Project organizers are soliciting feedback from residents, visitors, and commuters in both communities as they draft a comprehensive plan for safe transportation among them.
By Matt Skoufalos | 1-21-20
Back in July 2018, Collingswood and Haddon Township were awarded a $72,000 joint planning grant from the Delaware Valley Regional Planning Commission (DVRPC) to draft a master pedestrian and bicycle plan for both communities.
Dubbed “Connect 2020” by organizers, the multi-municipal project has been quietly gathering data for the past two years.
Now they’re ramping up the process, seeking feedback from residents and travelers that will inform their recommendations.
“We’re looking to connect people to everywhere they’re going, whether it’s employment, recreation, or businesses, and tying into the greater [transportation] network that surrounds us,” said project manager Sandi Kelly.
“We want everyone in the community to feel like they can move around with ease and without fear,” Kelly said.
The Connect 2020 map debuted at the Collingswood Green Festival last spring; since then, planners have invited comment through a web-based survey and an interactive map that collects highly detailed feedback online.
They’ll also hold also a pair of community meetings January 22 at the Collingswood Community Center (6:30 p.m.) and January 25 at the Haddon Township Municipal Building (10:30 a.m.).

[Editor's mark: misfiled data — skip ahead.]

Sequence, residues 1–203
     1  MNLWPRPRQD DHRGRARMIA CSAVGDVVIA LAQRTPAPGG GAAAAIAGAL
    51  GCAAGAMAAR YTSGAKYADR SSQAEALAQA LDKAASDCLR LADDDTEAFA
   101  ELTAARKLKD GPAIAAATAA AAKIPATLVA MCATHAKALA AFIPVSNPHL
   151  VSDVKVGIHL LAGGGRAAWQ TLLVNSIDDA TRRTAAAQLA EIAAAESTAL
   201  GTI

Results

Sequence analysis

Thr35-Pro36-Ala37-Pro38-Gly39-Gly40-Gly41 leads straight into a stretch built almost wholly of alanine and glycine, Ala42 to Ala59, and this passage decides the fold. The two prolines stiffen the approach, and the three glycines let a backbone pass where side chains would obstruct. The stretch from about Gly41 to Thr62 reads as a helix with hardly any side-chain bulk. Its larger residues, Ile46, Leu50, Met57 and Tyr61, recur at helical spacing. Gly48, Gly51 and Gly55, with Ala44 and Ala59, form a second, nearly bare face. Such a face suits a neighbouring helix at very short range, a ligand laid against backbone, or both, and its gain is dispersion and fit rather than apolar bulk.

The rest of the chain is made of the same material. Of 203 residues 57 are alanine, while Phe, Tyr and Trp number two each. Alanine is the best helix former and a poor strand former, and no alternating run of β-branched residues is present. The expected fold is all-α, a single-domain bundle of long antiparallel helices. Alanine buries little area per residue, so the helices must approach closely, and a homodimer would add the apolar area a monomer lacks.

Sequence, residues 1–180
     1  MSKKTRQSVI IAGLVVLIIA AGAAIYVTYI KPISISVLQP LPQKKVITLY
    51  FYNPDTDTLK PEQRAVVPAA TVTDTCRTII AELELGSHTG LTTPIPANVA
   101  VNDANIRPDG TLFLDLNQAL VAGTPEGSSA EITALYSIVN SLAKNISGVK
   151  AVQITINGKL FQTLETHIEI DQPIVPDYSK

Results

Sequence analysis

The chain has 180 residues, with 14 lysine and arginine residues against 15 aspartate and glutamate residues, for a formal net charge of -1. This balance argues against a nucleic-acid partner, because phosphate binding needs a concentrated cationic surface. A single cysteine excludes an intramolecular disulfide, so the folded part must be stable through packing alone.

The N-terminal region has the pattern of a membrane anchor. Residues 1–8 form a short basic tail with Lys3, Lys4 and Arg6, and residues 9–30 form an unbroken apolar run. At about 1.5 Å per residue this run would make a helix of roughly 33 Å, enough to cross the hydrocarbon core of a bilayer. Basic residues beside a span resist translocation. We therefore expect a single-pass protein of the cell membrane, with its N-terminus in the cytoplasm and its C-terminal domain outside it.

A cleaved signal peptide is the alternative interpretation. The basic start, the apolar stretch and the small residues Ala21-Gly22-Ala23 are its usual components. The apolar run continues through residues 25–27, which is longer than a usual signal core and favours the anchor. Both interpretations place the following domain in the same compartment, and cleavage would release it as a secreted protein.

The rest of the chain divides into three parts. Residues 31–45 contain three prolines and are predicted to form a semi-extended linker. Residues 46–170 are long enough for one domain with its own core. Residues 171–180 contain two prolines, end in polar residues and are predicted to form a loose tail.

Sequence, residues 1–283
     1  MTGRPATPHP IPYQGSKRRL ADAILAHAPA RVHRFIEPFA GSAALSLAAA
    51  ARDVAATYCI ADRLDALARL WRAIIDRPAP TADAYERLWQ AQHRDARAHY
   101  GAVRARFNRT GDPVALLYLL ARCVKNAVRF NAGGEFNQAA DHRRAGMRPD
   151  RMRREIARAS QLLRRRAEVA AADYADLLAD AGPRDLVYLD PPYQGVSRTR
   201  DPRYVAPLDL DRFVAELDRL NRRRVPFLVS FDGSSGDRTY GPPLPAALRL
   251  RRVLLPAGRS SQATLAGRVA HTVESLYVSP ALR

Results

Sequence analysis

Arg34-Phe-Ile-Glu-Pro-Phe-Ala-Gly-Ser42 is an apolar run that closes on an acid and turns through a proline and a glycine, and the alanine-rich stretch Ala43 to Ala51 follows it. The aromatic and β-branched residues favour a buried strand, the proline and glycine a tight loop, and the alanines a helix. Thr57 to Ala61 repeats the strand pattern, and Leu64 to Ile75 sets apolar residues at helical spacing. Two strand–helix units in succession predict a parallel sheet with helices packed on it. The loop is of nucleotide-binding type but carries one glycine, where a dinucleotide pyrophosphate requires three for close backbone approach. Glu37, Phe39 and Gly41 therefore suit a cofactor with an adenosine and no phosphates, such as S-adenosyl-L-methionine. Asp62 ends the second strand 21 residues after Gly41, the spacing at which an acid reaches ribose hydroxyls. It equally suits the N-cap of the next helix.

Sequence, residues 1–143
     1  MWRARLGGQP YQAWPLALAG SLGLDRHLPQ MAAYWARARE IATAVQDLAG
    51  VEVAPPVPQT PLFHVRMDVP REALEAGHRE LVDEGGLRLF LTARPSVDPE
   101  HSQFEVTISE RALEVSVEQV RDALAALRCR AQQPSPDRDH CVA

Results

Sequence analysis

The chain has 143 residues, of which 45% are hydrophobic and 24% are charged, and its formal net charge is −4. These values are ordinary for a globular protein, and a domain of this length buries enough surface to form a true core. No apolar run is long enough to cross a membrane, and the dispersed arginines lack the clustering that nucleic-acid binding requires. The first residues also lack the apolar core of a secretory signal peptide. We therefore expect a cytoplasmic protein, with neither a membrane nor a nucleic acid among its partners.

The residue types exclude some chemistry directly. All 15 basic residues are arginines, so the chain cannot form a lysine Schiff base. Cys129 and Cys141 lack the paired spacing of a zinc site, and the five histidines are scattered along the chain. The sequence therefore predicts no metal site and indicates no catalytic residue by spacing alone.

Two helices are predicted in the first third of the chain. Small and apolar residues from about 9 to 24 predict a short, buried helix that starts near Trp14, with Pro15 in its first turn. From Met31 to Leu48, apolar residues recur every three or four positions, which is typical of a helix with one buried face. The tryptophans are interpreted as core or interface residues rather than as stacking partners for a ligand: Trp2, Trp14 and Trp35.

“We want people to drive what this plan looks like,” Kelly said.
Doug Robbins, Senior Planner and Project Manager at Aecom of Philadelphia, said the amount of feedback that organizers have already collected “is almost unparalleled” compared with other projects on which he’s worked.
“Last year when we kicked this off, it was palpable how excited people were that we were talking about walking and biking in Collingswood and Haddon Township,” Robbins said.
“There was a feeling like this was a long time coming.”
Robbins, a 10-year Collingswood resident and father of two school-aged children, described both communities as “super-walkable,” albeit with room for improvement.
Inconsistencies in infrastructure condition and deployment and “very real budget constraints” in both municipalities make the opportunity of this study important.
“There’s a bunch of things that we’re going to be looking at in terms of this plan,” Robbins said. “We don’t want it to be one-note.
“This isn’t going to be just about bike lanes or the crosswalks on Haddon Avenue,” he said. “We’ve got destinations all over the place—schools, where people work, PATCO, recreation facilities—all these things where people want to walk or bike to.”
Some of the initial feedback hasn’t been surprising. Robbins pointed out that much of the biking infrastructure in Haddon Township and Collingswood is recreational, with a focus on parks like Newton Lake and Cooper River. There aren’t, however, bike lanes connecting the communities, or infrastructure protecting cyclists and pedestrians at major intersections along its highest-speed roadways.
“People have gone into great detail about why specific intersections are unsafe to them,” Robbins said. “It gets to the level of detail where, when we propose design interventions and policy changes, we can lean on some real feedback from folks who are walking, biking, and driving through these streets and intersections.”